Gilead still has lots of work to do on this pro­gram, and suc­cess won’t come eas­i­ly.

John Hood [file photo]

UP­DATE: Cel­gene and the sci­en­tist who cham­pi­oned fe­dra­tinib's rise from Sanofi's R&D grave­yard win FDA OK

Six years after Sanofi gave it up for dead, the FDA has approved the myelofibrosis drug fedratinib, now owned by Celgene.

The drug will be sold as Inrebic, and will soon land in the portfolio at Bristol-Myers Squibb, which is finalizing a deal to acquire Celgene.

Endpoints News

Basic subscription required

Unlock this story instantly and join 57,400+ biopharma pros reading Endpoints daily — and it's free.

UP­DAT­ED: AveX­is sci­en­tif­ic founder was axed — and No­var­tis names a new CSO in wake of an ethics scan­dal

Now at the center of a storm of controversy over its decision to keep its knowledge of manipulated data hidden from regulators during an FDA review, Novartis CEO Vas Narasimhan has found a longtime veteran in the ranks to head the scientific work underway at AveXis, where the incident occurred. And the scientific founder has hit the exit.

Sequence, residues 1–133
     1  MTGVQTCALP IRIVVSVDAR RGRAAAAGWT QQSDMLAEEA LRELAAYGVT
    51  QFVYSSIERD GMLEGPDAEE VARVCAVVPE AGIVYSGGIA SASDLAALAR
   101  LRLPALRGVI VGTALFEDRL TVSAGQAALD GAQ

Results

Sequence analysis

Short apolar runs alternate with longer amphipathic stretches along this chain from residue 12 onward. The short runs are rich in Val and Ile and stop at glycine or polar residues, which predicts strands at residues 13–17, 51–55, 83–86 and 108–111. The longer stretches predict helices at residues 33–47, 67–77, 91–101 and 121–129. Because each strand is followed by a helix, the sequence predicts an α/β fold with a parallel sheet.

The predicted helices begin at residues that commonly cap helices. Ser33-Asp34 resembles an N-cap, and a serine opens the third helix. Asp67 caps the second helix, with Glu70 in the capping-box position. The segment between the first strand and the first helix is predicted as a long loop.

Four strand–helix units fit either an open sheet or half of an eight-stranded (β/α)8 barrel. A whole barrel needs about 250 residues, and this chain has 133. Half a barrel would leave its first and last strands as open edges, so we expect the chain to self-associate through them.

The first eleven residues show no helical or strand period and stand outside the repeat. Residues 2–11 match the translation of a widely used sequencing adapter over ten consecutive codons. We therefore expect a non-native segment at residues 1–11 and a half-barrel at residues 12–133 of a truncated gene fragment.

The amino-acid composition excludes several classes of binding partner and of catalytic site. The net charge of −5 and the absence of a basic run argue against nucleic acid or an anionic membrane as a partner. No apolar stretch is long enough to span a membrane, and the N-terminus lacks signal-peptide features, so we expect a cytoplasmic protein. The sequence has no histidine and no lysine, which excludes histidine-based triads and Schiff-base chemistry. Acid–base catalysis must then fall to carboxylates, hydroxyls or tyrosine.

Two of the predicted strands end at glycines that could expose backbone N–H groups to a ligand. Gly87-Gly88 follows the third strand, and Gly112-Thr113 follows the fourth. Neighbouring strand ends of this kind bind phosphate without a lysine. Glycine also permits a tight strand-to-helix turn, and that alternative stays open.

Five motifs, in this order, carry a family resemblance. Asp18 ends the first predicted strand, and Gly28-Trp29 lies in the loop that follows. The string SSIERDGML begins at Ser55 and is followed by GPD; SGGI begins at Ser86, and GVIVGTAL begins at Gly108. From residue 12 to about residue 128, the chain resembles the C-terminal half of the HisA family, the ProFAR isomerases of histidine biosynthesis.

Endpoints News

Basic subscription required

Unlock this story instantly and join 57,400+ biopharma pros reading Endpoints daily — and it's free.

Ab­b­Vie gets its FDA OK for JAK in­hibitor upadac­i­tinib, but don’t look for this one to hit ex­ecs’ lofty ex­pec­ta­tions

Another big drug approval came through on Friday afternoon as the FDA OK’d AbbVie’s upadacitinib — an oral JAK1 inhibitor that is hitting the rheumatoid arthritis market with a black box warning of serious malignancies, infections and thrombosis reflecting fears associated with the class.

It will be sold as Rinvoq — at a wholesale price of $59,000 a year — and will likely soon face competition from a drug that AbbVie once controlled, and spurned. Reuters reports that a 4-week supply of Humira, by comparison, is $5,174, adding up to about $67,000 a year.